One of risky behaviors of entrepreneurs
Small business owners routinely underestimate the capital needs of growth by not fully understanding the “soft costs.”
The failure rate for small business is high, yet despite these risks, small-business ownership continues to be a desirable goal for many Americans.
Even with all the advantages of franchising, and much due diligence on the part of both the franchisor and franchisee, some franchisees fail. There are three common problems of unsuccessful franchisees: They are undercapitalized, they lack the necessary management skills to be successful and the franchise is a poor fit for them or the city in Which they plan to operate.
In my experience, undercapitalization is the biggest reason franchisees fail. Many operators simply cannot or will not carve out sufficient ownership to allow their business to be properly capitalized. Entrepreneurs are risk takers. They do not want a financial partner looking over their shoulder while making a substantial return on their invested capital. An undercapitalized business is vulnerable during its startup
phase. If the financial projections do not materialize as the spreadsheet says they will, then big problems occur.
Businesses can also become undercapitalized through rapid expansion. Small business owners routinely underestimate the capital needs of growth by not fully understanding the "soft costs." It is easy to get a handle on the hard costs of land, building and equipment. It can be a daunting challenge to calculate the costs of hiring and training new employees, pre-opening marketing, and startup losses while sales ramp up to break even levels. The costs of the distraction of opening a new location can take its toll on the rest of the operation.
Another way franchisees can become undercapitalized is when the business owners withdraw excess cash from the business and thus do not leave sufficient capital to either withstand an economic downturn or reinvest in its business. I had one franchisee tell me with a straight face the reason he took all the money out of his business was to diversify his investments. All those horses were not the best diversification I had ever seen.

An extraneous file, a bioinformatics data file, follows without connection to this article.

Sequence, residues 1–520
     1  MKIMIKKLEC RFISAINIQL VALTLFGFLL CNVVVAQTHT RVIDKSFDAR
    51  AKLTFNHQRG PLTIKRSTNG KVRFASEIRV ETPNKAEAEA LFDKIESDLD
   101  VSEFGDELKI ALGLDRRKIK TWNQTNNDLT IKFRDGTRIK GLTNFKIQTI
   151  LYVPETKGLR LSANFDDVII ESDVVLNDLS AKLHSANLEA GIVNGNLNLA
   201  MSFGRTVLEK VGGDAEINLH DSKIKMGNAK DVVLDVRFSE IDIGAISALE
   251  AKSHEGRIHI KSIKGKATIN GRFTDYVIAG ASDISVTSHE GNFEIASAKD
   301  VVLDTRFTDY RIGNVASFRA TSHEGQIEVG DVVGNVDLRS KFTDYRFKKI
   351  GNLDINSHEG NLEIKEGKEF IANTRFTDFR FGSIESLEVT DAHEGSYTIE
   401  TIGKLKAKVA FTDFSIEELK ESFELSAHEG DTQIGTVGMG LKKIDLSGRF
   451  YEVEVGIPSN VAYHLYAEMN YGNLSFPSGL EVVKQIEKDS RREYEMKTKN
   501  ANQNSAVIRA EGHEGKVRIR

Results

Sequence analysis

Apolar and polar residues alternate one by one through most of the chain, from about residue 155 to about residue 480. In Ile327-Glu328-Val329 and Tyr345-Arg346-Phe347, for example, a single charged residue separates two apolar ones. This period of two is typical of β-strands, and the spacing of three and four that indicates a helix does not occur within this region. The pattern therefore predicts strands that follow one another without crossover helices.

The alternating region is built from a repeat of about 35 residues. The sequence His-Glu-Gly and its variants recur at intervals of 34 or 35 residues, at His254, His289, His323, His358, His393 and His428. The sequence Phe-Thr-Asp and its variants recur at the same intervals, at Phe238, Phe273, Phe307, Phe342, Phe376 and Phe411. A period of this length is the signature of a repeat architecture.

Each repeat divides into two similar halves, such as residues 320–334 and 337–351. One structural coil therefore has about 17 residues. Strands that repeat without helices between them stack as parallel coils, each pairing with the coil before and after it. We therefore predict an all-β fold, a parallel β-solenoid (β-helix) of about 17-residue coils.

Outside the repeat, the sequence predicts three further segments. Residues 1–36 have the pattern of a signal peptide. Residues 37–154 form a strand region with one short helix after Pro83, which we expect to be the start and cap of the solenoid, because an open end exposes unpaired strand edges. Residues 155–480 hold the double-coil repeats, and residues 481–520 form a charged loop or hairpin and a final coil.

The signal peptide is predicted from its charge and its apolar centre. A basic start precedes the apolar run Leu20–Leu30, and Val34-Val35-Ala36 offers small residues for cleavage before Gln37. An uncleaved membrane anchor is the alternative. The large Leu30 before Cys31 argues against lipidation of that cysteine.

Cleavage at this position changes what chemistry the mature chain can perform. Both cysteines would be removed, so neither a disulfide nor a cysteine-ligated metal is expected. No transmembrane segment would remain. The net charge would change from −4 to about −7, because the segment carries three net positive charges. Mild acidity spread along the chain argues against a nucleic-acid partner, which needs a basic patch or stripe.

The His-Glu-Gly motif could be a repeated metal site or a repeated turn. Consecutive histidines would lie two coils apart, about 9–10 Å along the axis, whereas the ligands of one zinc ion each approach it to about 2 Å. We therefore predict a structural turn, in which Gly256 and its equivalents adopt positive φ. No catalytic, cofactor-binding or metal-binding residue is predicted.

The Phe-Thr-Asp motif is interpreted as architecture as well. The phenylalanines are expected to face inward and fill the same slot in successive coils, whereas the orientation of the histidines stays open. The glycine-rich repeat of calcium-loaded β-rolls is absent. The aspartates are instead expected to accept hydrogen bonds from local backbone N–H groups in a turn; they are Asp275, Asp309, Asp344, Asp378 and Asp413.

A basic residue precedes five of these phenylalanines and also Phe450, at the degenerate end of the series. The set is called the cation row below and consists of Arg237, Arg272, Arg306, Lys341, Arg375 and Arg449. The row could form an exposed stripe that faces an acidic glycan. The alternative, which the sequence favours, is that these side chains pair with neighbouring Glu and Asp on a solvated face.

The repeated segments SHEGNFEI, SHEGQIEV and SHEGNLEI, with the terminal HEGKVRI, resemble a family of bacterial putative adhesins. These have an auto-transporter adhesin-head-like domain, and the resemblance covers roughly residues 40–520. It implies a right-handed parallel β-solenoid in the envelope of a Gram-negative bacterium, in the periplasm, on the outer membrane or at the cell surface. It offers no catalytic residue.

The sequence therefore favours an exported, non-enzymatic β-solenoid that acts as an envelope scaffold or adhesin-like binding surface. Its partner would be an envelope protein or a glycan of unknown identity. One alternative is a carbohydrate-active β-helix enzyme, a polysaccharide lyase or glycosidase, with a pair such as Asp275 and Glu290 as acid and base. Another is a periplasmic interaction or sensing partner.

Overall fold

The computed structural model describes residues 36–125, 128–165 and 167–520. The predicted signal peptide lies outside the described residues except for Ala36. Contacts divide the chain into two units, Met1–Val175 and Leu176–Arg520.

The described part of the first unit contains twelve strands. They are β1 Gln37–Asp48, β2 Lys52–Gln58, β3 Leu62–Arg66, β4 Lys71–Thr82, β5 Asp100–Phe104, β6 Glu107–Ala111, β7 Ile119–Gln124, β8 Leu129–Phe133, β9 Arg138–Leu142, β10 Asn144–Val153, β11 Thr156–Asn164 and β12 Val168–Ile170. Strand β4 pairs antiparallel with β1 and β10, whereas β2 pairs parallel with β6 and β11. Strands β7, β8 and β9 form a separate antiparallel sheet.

The second most important factor in the demise of franchisees is lack of management skills. Many entrepreneurs are personally capable, but very incapable of getting things done through other people. This inability shows up most often in the small business owner not being able to attract and retain quality employees. Many entrepreneurs want to either micro-manage employees or abdicate duties rather than delegate them. Sadly, errors in selecting and managing people often lead to ineffective operations and unprofitable results. If hiring decisions are bad enough, mismanagement or outright fraud is common.
The final most important factor in the demise of franchisees is the owner selecting a franchise system that does not fit them or the market they wish to serve. Most people do not do well when they stray from their core competencies and training. Many people simply do better when they use the skills in which they have been trained. For example, engineers and accountants may be better suited to franchises that center on technical services and may not fare so well in franchises that require sales skills. Many people allow the lure of small-business ownership to blind them to a frank assessment of their own skills and abilities. It is also possible that the franchise being purchased just does not work well in the market chosen by the franchisee. Even though it is the job of the franchisor to understand the potential of its franchise based on geography and demographic factors, a good result cannot be guaranteed in all cases. I remember one instance from my experience in which a group of us invested in a QSR franchise. We selected and developed a new market. We felt confident in our investment since the market we chose was within 100 miles of a highly profitable market owned by the franchisor. Unfortunately, our results were not good and we opened the lowest volume stores in the entire chain.
Franchising can be a mutually profitable endeavor for both the franchisee and franchisor when the franchisee selects the appropriate franchise system, has the capital to sustain the business, and the management skills and aptitude to be successful.
Gene Baldwin is a partner in CRG Partners Group, LLC, a national turnaround consultancy that brings new life to distressed companies through operational and financial restructuring. Gene can be reached at 316-371-2908 or at firstname.lastname@example.org